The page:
"A Study of Celtic Literature” and “Friendship’s Garland,” two very dissimilar books, we ought not to forget in enumerating Mr. Arnold's writings. Another work, and one to which special attention is due, is “A Bible-Reading for Schools: the Great Prophecy of Israel's Restoration." This is a little book, published at a small price, and is a brave attempt to bring literature, in the pure sense of the word, within the reach of school children. The revision of the translation is so excellent as to make us wish Mr. Arnold were on the Revision Committee.

It is a hard lesson, but we have to learn that novelty is a drug useful where aspiration is weak; we think Matthew Arnold shews traces. of having learned it :

The Master stood upon the Mount, and taught.

He saw a fire in his disciples' eyes ;
“ The old law,” they said, “is wholly come to nought !

Behold the new world rise !"
“ Was it,” the Lord then said, “with scorn ye saw

The old law observed by Scribes and Pharisees ?

you, see ye keep that law
More faithfully than these!”


Children of men ! the unseen Power, whose eye

For ever doth accompany mankind,
Hath looked on no religion scornfully

That men did ever find. The danger is to give up the stimulant novelty before the uplooking faith is strong enough to do without it. It would be better to allow “extra-belief” as the tempting novelty than in giving it up too soon, and before the eternal lights are clear to us, to reduce religion to a too orderly level of expedience, political, moral, or even emotional.

Mr. Arnold's theological works have been described as probably having their “value as a sort of intellectual stimulant, and as a warning to the clerical order to put themselves en rapport with the littérateur order.” If we read rightly Mr. Arnold's mind, he would, at such a criticism, be consumed with almost Aristophanic laughter at the idea of a blend of the Daily Telegraph with Mr. Mackonochie. But that so desirable a rapprochement as that of religion (even of orthodox nurture) and letters is not absolutely impossible, may be discerned by the appreciators of Bishops Fraser and Temple, Dean Stanley, Canon Lightfoot, Stopford Brooke, Baldwin Brown, and a host of others, all on that gradual mission of reconciling literature and religion.

The Greeks seek after wisdom : how far Mr. Arnold is Hellenic may be discerned from the ease with which his own modes of thought, wherever expressed, blend with the thoughts he partly borrows from, partly gives to, the Greek thinker in “Empedocles on Etna :”

I will not judge ; that man,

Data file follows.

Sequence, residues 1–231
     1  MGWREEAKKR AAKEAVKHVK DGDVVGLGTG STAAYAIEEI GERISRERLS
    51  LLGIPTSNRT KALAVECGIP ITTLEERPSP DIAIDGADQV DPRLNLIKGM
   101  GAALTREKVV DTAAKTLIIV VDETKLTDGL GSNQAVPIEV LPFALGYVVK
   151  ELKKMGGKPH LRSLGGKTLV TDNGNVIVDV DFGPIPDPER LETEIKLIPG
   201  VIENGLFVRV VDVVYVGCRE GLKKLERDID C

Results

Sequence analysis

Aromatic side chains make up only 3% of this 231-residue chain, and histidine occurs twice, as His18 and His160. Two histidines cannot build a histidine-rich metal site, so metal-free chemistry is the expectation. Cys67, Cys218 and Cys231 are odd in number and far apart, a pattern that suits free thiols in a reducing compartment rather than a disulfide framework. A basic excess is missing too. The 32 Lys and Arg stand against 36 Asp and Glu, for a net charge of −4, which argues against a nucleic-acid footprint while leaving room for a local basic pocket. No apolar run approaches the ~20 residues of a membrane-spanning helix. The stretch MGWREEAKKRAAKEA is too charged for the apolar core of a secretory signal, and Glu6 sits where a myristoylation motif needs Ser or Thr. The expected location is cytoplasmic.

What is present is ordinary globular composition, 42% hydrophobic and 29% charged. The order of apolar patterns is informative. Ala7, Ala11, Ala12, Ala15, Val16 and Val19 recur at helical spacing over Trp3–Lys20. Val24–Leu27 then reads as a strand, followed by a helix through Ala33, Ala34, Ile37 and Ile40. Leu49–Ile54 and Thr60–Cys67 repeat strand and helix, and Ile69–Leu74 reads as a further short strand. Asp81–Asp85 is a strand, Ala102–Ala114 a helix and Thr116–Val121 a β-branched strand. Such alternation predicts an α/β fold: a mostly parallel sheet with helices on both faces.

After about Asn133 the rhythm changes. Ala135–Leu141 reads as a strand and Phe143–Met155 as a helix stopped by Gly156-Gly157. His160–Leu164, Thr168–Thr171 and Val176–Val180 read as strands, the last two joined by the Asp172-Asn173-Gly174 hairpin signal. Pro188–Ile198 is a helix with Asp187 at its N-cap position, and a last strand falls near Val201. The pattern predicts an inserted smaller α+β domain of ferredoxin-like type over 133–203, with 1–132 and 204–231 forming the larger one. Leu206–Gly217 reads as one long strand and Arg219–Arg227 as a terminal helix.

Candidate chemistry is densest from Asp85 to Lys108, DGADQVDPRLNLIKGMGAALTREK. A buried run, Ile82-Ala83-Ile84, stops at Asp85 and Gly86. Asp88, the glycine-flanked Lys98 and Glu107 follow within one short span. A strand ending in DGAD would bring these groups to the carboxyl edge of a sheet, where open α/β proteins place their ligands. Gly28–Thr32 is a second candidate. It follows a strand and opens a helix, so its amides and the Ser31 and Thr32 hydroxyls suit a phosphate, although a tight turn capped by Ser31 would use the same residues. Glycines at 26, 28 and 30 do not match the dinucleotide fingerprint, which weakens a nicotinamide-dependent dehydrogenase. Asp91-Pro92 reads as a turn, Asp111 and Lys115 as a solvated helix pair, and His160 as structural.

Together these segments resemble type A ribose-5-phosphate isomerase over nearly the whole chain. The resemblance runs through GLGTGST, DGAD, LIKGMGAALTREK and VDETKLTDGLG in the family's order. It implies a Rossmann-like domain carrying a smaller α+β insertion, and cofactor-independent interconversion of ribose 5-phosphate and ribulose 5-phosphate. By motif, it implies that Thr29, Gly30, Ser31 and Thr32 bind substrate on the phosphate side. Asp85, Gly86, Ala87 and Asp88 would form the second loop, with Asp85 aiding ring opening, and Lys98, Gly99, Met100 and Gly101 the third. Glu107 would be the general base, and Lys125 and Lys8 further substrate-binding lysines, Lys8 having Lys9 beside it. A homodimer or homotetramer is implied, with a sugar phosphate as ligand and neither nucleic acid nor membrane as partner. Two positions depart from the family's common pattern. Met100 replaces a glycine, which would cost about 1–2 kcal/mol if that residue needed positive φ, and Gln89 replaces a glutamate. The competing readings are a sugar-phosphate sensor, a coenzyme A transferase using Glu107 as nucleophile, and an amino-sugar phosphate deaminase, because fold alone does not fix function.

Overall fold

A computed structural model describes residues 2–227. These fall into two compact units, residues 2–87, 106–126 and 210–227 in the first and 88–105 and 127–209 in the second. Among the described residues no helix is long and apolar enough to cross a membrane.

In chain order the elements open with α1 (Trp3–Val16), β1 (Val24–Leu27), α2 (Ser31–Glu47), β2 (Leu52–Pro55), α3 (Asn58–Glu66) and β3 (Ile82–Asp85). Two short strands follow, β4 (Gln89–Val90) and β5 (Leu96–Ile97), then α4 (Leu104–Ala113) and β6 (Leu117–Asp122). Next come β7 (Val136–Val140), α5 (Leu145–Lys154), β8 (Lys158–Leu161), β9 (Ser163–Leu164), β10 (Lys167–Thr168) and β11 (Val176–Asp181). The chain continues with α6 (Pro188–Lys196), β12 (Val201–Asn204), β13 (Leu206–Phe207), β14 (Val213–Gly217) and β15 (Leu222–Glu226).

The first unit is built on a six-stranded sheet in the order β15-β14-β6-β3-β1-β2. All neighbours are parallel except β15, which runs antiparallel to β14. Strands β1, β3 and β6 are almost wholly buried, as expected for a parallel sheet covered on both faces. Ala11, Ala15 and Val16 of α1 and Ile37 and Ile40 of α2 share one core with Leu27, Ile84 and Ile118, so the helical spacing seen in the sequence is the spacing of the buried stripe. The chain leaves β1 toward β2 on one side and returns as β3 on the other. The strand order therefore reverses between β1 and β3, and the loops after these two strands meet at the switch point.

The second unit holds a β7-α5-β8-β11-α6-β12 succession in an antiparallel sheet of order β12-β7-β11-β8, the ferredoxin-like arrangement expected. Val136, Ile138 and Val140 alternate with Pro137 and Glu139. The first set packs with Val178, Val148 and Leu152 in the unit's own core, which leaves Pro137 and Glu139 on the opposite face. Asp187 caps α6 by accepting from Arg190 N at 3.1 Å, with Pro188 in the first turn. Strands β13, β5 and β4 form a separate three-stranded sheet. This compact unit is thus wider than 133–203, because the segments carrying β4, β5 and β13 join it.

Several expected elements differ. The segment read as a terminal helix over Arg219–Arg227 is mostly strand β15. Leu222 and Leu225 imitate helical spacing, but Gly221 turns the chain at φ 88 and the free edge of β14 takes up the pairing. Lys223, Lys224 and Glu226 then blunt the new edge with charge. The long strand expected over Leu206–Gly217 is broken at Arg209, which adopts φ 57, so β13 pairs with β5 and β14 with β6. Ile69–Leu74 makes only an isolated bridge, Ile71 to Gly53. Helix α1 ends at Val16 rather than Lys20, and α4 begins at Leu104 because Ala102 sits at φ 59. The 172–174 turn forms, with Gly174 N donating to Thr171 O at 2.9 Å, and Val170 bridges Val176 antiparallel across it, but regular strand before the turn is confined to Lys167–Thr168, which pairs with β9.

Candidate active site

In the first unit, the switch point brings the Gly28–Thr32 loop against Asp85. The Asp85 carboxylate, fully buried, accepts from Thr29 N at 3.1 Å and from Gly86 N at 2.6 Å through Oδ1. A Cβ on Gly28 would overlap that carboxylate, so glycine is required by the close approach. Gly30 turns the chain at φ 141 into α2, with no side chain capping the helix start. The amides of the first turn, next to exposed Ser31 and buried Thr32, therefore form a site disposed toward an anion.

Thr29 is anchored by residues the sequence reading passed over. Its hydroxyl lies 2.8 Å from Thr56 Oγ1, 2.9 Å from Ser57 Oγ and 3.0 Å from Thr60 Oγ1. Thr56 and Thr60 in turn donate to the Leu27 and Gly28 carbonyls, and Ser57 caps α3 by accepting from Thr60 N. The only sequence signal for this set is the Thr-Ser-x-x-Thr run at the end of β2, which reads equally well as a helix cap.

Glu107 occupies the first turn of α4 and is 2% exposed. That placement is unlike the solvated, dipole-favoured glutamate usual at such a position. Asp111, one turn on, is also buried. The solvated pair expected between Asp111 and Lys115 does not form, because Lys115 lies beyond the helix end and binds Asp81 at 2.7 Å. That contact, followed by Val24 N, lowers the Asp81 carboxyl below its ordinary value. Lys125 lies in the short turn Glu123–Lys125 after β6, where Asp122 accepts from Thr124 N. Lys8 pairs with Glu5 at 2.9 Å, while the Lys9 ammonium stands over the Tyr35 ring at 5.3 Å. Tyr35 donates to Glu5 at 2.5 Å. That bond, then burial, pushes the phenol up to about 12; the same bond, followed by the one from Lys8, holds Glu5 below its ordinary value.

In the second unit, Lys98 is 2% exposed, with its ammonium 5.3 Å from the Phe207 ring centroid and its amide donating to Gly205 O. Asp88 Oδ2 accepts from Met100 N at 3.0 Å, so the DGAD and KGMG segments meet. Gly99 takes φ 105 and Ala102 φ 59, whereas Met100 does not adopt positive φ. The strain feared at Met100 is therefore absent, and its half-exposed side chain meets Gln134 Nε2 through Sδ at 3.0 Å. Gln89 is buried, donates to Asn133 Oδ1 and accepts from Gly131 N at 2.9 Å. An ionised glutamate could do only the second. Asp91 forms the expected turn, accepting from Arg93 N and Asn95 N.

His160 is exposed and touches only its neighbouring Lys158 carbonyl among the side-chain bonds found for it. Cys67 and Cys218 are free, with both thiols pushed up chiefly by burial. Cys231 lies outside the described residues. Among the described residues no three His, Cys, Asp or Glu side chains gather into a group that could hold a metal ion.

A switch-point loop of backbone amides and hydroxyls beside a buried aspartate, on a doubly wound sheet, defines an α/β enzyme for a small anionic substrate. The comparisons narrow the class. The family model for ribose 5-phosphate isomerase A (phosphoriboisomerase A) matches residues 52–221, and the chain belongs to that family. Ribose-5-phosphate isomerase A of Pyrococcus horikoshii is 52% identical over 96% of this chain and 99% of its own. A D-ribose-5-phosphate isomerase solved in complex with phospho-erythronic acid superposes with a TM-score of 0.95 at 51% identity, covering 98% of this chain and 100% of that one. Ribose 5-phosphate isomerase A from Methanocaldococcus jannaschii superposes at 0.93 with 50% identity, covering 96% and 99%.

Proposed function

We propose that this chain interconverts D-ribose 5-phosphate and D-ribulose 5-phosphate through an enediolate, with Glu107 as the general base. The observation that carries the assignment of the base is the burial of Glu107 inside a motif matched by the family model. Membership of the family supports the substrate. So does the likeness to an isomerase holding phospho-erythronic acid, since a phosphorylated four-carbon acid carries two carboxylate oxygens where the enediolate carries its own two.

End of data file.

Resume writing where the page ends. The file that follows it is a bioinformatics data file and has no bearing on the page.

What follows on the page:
How beit, I judge as lost,
Whose mind allows a plan

Which would degrade it most ;
And he treats doubt the best who tries to see least ill.

Be not, then, fear's blind slave !

Thou art my friend ; to thee,
All knowledge that I have,

All skill I wield, are free ;
Ask not the latest news of the last miracle.

Ask not what days and nights

In trance Pantheia lay,
But ask how thou such sights

May'st see without dismay;
Ask what most helps when known, thou son of Anchitus.

Once read thy own breast right,

And thou hast done with fears !
Man gets no other light

Search he a thousand years.
Sink in thyself ! there ask what ails thee, at that shrine !

In vain our pent wills fret,

And would the world subdue !
Limits we did not set

Condition all we do ;
Born into life are we, and life must be our mould.

Born into life—man grows

Forth from his parents' stem,
And blends their blood, as those

Of theirs are blent in them;
So each new man strikes root into a far fore-time.

Born into life-we bring

A bias with us here.

We do not what we ought,

What we ought not, we do,
And lean upon the thought

That chance will bring us through ;
But our own acts, for good or ill, are mightier powers.

Fools ! that so often here

Happiness mocked our prayer,
I think, might make us fear

A like event elsewhere !
Make us, not fly to dreams, but moderate desire.

Strange! to come to the same conclusion as the Philistines, who do not "fly to dreams" but very "moderate desire,"-so moderate, indeed, that comfortable houses and carriages mostly satisfy it. The next poem we will quote marks a higher mood :

RUGBY CHAPEL, November, 1857.
Solemn, unlighted, austere,
Through the gathering darkness, arise
The chapel walls in whose bound
Thou, my father ! art laid.

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Most men eddy about
Here and there, eat and drink,
Chatter and love and hate,
Gather and squander, are raised
Aloft, are hurled in the dust,
Striving blindly, achieving
Nothing; and then they die-
Perish ! and no one asks
Who or what they have been,
More than he asks what waves,
In the moonlit solitudes mild
Of the midmost ocean, have swelled,
Foamed for a moment, and gone.
And there are some, whom a thirst
Ardent, unquenchable fires,
Not with the crowd to be spent,
Not without aim to go round,

In an eddy of purposeless dust. Mr. Arnold may fairly be called a great poet; poetry we deem his most sublime function ; the form of the poem just quoted is, however,